Used textbook site, Chegg, hits nerve

UpdatedUsed textbook site, Chegg, has hit a nerve.

Chegg is undercutting the prices of textbooks at college bookstores, and a recent BusinessWeek article about the Santa Clara, Calif. company has climbed to second place on Digg’s “Top in 24 Hours” page (as of this writing). We’re not sure exactly why. One reason may be because the young audience at Digg is enjoying the story — seeing this as a way of indirectly sticking it to the publishers and Barnes & Nobles and other college bookstore owners who currently charge such high prices. We remember being unimpressed by the discounts of used books at college, so we can empathize.

Chegg provides an alternative for textbooks and other school supplies, such as computers. It has just raised $2.2 million from Gabriel Venture Partners and angel investor Mike Maples, who backed the company earlier. The company tells VentureBeat it made $100,000 in revenue in December, though is not profitable yet. It saw 44,000 unique visitors last month, and has seen a 200 percent increase in traffic each month since August.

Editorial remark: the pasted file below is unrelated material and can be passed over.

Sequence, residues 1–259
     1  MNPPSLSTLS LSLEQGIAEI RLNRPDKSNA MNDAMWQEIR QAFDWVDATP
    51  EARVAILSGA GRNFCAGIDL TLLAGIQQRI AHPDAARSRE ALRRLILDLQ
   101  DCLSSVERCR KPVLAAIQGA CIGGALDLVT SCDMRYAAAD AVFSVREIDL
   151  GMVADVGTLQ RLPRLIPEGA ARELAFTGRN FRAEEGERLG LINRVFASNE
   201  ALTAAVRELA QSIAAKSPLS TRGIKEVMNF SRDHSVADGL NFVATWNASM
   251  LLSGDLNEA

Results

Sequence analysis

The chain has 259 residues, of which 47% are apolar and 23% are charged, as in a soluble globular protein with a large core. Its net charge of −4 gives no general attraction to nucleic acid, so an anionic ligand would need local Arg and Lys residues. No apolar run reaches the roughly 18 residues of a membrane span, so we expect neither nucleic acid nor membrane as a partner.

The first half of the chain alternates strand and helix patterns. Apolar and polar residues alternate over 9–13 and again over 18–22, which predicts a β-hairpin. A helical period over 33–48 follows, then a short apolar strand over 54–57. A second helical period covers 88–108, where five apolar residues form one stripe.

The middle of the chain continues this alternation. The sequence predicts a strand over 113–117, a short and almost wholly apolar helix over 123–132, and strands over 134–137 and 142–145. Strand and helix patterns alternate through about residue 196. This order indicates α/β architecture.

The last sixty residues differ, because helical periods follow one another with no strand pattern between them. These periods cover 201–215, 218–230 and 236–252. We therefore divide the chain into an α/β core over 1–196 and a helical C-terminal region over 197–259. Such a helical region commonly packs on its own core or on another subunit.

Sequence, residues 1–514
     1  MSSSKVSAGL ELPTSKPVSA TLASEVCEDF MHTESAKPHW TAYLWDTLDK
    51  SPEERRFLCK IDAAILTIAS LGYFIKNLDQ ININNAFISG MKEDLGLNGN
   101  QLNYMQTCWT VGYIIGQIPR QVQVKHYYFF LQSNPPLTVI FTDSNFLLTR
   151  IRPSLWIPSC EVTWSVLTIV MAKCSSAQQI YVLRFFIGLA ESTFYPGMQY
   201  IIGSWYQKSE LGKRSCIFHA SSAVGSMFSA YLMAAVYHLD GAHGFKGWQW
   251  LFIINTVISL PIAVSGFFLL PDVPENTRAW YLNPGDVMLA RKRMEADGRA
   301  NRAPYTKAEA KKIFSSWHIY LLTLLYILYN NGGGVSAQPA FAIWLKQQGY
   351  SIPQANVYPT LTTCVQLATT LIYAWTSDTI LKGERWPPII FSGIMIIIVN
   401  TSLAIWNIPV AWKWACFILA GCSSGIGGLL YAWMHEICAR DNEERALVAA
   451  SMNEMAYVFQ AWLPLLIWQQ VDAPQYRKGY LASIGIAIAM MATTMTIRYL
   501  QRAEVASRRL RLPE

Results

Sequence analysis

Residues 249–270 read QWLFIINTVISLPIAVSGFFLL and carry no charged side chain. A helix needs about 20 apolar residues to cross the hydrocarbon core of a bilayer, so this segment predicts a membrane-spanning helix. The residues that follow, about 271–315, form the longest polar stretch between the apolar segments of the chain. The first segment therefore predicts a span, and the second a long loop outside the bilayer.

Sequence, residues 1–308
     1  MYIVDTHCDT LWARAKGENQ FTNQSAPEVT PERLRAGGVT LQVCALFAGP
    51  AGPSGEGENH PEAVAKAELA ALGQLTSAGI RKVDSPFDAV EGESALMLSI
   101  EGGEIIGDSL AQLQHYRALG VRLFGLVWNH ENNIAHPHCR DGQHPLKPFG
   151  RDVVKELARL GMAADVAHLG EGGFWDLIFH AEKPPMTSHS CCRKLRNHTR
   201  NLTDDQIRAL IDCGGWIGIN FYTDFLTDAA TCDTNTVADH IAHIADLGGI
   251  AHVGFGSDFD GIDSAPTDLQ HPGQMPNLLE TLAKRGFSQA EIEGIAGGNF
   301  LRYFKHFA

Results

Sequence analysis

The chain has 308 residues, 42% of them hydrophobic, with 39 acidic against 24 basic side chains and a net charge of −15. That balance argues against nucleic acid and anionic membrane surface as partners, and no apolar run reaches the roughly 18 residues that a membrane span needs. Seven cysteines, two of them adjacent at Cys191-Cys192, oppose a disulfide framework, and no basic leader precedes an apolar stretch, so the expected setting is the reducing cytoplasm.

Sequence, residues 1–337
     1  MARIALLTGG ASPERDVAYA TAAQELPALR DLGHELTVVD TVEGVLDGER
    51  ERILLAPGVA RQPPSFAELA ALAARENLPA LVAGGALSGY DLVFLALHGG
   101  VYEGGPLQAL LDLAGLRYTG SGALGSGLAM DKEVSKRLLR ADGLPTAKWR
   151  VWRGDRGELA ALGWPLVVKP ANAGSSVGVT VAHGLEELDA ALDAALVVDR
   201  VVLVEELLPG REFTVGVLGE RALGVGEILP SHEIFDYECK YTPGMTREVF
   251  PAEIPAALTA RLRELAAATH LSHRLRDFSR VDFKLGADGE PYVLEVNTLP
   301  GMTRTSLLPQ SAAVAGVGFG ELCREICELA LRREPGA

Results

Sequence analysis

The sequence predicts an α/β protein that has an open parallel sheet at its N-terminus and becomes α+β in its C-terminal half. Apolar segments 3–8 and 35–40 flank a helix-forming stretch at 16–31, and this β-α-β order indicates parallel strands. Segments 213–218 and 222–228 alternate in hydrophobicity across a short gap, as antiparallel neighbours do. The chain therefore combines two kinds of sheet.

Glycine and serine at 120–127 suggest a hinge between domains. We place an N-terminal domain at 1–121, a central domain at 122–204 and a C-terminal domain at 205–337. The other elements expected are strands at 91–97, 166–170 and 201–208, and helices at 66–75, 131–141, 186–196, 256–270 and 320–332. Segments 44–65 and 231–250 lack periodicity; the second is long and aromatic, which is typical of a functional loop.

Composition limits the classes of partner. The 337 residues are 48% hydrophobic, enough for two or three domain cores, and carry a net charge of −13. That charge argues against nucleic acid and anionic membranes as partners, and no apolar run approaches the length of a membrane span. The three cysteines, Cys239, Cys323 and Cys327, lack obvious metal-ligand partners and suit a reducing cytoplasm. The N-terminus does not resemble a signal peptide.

Update: Corrected to “thousands” for unique number. Apologies.

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  1. [...] in funding from Gabriel Venture Partners and angel investor Mike Maples back in January 2007 (per VentureBeat), but the amounts of any interim rounds have thus far been undisclosed. The startup says students [...]